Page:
‘Do or die’: Egyptian people sidelined in power struggle

The Army and the Muslim Brotherhood are both so dead-set on victory in Egypt, the Egyptian people are losing in the process, award-winning journalist Ethar El-Katatney told RT.

RT:How many people have to die in Egypt for the international community to go further than simply words of condemnation as a reaction to this?

Ethar El-Katatney: A lot of people have been talking that Washington is in a very difficult position with the military and the contract with the military being the only reason we have a safe guard with Israel. No one was expecting the blood that was spilled yesterday. The last count was 500 hundred had been killed and these are official statistics.

The international community is very uncertain of what to do, because what happens in Egypt; it doesn’t only affect Egypt. It will affect the entire Arab region and other countries in this area. We live in an age where autocrats can no longer [evoke] the notion of national sovereignty and avoid the interference of the international community and…repress their citizens at will. That is not going to happen anymore. Countries will start cutting aid. No one knows if the international community will interfere or if it is a green light for the military to continue on in what it’s been doing so far.

Bystanders, firefighters and workers stand by the Giza Governorate headquarters after it was -according to Egyptian State TV- torched by Islamists on August 15, 2013 in Cairo, Egypt (AFP Photo / Gianluigi Guercia)

RT:The scale of disaster is nearing the blood bath of the 2011 revolution. Mubarak was put behind bars. What about the current leaders that have given orders to shoot?

EEK: The scary thing now for a lot of people is that you really have no idea where do we go from here. We had Mubarak, we had a revolution. Then the army came in, we said ‘we don’t want the army’ and told the army to leave. The army left, we got a new president. We didn’t like the president so we made him leave and the army came back again. So where exactly do we go from here? Everyone in the opposition even if you discuss it, the narrative or the rhetoric that reunites them all is that they are anti-Muslim Brotherhood. We have no political party; we have no one who we can say that is qualified at this position to lead the country.

Things are very hazy; everyone is very confused of what is actually happening. Is it the army? Is it the ministry of interior? Is it the police cooperating with the army? Did it really star up as something not violent? The reaction of the Muslim Brotherhood has deteriorated. Ten minutes ago we had a notice that a government building in Giza has been burnt down. The reaction of the Muslim Brotherhood is kind of a do or die [attitude], all the calls are that you are fighting for Islam, this is the final battle. The sectarian are attacking churches, which will lead us further to [sectarianism].They are attacking police stations (releasing prisoners ), government buildings, and military installations. It is just a snowball in escalation. Everyone is at fault, both sides are suffering tremendous losses, this is the tragedy. We have all lost today. Not in the entire two years have we seen a worse day than yesterday.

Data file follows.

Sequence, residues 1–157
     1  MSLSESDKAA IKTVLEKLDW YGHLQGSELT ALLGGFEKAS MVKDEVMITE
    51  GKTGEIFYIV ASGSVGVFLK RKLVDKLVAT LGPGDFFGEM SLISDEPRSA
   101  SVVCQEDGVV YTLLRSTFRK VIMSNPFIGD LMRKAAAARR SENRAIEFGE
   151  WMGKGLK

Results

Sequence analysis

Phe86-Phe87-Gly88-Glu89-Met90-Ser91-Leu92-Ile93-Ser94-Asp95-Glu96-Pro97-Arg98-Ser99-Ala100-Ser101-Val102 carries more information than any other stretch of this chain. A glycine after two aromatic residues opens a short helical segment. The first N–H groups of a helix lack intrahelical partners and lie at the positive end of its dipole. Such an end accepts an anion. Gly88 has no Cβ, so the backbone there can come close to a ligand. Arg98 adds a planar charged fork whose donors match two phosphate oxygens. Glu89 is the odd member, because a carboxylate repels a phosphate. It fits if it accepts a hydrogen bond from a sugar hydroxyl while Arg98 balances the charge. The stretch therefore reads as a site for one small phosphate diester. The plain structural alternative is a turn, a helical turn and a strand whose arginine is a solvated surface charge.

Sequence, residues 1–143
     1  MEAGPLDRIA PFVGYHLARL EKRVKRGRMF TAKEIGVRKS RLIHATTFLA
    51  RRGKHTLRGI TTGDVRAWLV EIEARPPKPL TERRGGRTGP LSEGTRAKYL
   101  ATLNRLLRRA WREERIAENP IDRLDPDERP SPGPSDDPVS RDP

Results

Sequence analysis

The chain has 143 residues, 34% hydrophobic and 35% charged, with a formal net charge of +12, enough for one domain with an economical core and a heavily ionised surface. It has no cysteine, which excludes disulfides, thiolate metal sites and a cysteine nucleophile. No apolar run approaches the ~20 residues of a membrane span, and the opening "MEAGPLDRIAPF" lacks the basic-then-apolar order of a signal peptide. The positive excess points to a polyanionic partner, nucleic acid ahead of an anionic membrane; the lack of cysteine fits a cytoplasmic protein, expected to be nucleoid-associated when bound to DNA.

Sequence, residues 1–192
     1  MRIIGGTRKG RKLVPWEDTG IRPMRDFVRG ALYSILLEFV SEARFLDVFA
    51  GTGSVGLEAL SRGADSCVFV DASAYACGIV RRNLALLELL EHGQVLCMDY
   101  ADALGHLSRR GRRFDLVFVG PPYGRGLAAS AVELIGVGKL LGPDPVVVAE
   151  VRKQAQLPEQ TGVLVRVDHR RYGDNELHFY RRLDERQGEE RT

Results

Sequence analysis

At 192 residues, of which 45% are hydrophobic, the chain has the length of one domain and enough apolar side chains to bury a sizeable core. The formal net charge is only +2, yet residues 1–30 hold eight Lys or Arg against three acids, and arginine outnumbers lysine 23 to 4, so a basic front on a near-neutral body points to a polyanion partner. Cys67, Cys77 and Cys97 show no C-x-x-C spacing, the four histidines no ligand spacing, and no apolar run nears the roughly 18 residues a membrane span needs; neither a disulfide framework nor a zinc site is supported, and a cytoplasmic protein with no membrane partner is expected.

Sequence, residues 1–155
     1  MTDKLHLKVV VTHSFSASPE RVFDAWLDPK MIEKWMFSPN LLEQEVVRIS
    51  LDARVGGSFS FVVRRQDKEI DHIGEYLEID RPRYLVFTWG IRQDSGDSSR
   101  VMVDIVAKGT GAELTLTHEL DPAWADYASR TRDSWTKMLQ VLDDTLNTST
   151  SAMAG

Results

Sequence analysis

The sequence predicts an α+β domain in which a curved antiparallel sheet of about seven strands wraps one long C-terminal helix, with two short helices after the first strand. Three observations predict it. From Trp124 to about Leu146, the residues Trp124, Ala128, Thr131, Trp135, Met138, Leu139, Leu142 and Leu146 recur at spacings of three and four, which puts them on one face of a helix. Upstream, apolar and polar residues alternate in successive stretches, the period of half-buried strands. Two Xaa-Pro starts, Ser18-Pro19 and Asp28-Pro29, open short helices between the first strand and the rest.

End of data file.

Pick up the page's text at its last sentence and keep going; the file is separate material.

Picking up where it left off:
Egyptian scrap metal collectors collect items from the remains of the destroyed camp of ousted Mohammed Morsi supporters outside Rabaa al-Adawiya mosque on August 15, 2013 in Cairo, Egypt (AFP Photo / Khaled Desouki)

RT:The latest news from the capital is that the Islamists are attacking the headquarters of the regional government. What does that say about the tactics the Muslim Brotherhood will now adopt?

EEK: The Muslim Brotherhood for the last 25 years, they have been in conflict with the state. We have been going through this ideological roller-coaster for the last two years. Is it military vs. the Mubarak-era leaders? Is it nationalism vs. Islamists? Is it seculars vs. Islamists? Now we have reached the point where the Muslim Brotherhood [has its] last chance to shine. They have been oppressed for decades and when they finally got their chance, they blew it. If they lose now that will reflect on any Islamist party in the entire region. For them it is ‘if we lose this we might lose the entire region, and if we lose this chance, who knows if we are going to get it back again’. Their reaction has been out of proportion. 

It also has contributed a lot to the death toll, the attack of churches in particular. Forty five churches have been attacked. So we are thinking ‘you attack the military or the ministry of the interior that attack the Muslim Brotherhood so you go and attack a minority’. That only leads to a civil war. What is the point of that? How is that going to lead to anything? Someone was talking about how in Sharm el-Sheikh, they removed the curfew. What kind of tourists are going to come with the images of Egypt now? I was driving through the streets; no one is on the streets now. Everyone is terrified in their homes. To come to the interview I had to drive through the airport and had a gun at me. You really have to think what strategy does either side have? Either is it the side of the government or the side of the Muslim brotherhood. Where do we go from here? There is nowhere to go. How are we going to fix this? Both sides seem to be so focused on their own winning in Egypt and the Egyptians are the ones losing in the middle.